Submarine Pens of former Yugoslavia

The invention and re-creation of a Common

The invention and re-creation of a Common

TYPE Underground commons
STATUS Ongoing
KEYWORDS Appropriation, Heritage, Military Base, Re-Creation
PERIOD 20th Century
USE Appropriation of a space with historical relevance for one group of commoners that is transformed into a place of leisure practices for several groups of commoners or a shelter for fishermen
COMMONERS Islanders, tourists, fishermen
Martina Hügli

The invention and re-creation of a Common

The withdrawal of the Yugoslavian People’s Army from a remote island created opportunities to retrieve what was kept off the public for over 50 years. A submarine pen located at the shore of Croatian island Vis was an important strategic location of the Yugoslavian people’s army. The docking station is the case study to display the emergence of commoning practices within a framework of military heritage. The lack of information on the infrastructure affects the future commoning methods on-site, suggesting questions on the future re-production of the space as a common.

The submarine pen is an artificial cave of about 12 meters height reaching some 80 meters deep into the coast of Vis. The commoners of the space are mostly locals appropriating the location. The site emerged to be a nexus of commoning practices: Locals and travellers exploring the cave by swimming and diving up to its end. One can enter the network of the underground infrastructure through doors on the side of the docking station to either explore it or to get on top of the submarine pen to jump back into it. Commoners get there mostly by boat, which can be attached to the marine bollards. The acoustics of the space, shaped by raw concrete walls and the water’s surface, are also frequently explored by the commoners. During storms, the docking station serves as a shelter for fishing boats as it can comfortably accommodate several smaller vessels.

Governmental influence on site is minimal. Once the property of the state of Croatia, it now was transferred to local authorities. The commoning practices materialize through the reclamation and self- organization of the space, which made it a place of relative autonomy for the past 20 years.
Because of the importance of heritage in the resource and attraction of commoners, it classifies as heritage commons. Even though the post-military society currently using the space is transforming military and militarism, it does not remove them from central positions in the social structure of the islanders.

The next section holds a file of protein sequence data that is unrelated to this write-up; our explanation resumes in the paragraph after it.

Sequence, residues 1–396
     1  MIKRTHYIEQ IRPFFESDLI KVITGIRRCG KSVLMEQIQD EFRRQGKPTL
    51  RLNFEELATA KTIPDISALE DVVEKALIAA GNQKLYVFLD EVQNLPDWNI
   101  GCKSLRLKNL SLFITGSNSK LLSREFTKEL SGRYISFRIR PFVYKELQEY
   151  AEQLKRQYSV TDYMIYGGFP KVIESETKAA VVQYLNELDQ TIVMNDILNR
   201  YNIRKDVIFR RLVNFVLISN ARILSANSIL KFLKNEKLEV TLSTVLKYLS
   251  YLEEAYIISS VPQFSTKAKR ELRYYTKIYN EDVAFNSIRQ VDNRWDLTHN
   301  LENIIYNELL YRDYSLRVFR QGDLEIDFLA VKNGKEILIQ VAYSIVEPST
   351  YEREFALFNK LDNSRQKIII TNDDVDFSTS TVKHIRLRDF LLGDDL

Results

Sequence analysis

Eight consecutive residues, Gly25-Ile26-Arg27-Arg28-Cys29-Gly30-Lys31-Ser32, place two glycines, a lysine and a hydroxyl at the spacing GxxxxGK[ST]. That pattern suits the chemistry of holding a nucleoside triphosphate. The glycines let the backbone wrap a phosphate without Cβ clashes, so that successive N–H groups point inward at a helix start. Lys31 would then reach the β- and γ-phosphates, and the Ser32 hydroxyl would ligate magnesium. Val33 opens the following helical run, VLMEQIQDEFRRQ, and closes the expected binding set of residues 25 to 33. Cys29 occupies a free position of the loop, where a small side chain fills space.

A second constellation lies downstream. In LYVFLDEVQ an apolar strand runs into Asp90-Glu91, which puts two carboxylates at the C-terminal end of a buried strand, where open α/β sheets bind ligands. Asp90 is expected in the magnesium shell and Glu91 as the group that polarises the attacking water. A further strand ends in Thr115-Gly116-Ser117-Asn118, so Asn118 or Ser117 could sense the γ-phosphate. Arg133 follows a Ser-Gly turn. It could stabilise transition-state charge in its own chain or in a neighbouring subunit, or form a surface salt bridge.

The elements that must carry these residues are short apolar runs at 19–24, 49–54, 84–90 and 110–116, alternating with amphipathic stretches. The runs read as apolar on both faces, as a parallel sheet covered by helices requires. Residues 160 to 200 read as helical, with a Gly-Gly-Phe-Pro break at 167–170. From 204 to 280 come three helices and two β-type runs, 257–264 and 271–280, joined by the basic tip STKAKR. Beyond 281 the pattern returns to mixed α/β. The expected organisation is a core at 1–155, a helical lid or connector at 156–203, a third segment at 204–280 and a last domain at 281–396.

Since the primary use today is leisure, it further classifies as leisure commons. The submarine base is also a cultural commons, as it is a special environment shared by the community of the islanders, who gained knowledge on the infrastructure over time. All other knowledge is provided through oral history. It thus can also be described as a knowledge commons.

The role of Vis’s tourist industry plays an essential role in the re- creation of the common: many islanders complain that the remains of the Yugoslavian infrastructure are not used adequately or exploit it in a capitalistic sense. They claim that the cost-intensive structure, which is of important sentimental value for many of its citizens, is just left to decay, which also signifies a loss of income for many, as they are dependent on Bunker Tourism.

People claiming the state’s responsibility on developing the spaces implies the public reclamation of the site and the people taking over responsibility for the space and themselves. But while the site as a common is currently constantly re-created, the Bunker’s future is still undetermined and thus, the site’s existence as a common uncertain.


Bennett, Luke. ‘The Bunker’s After-Life: Cultural Production in the Ruins of the Cold War‘ in Journal of War & Culture Studies 13:1, 1- 10, 2019

Kratzwald, Brigitte. ‘Urban Commons – Dissident Practices
in Emancipatory Spaces‘, in Dellenbaugh, Mary Urban Commons: Moving Beyond State and Market, 26-41. Basel: Birkhäuser Verlag, 2015.

Strömberg, Per. ‘Funky Bunkers: The Post-Military Landscape as a Readymade Space and a Cultural Playground‘, in Boyd, Gary A. Ordonance: War + Architecture & Space, 67-81. Farnham, UK: Ashgate, 2013


Image 1 –
(Re-) Discovery of the Underground: towards a commons

‘Die letzte Fahrt der Nautilus‘, illustration by Jules Férat, from The Mysterious Island, Jules Verne, 1874/1875

Image 2 –
Swimming in the Submarine Pen

Strel-Swimming; News; Swimming the Yugoslavian submarine tunnels

Image 3 –
Traces of Commoners

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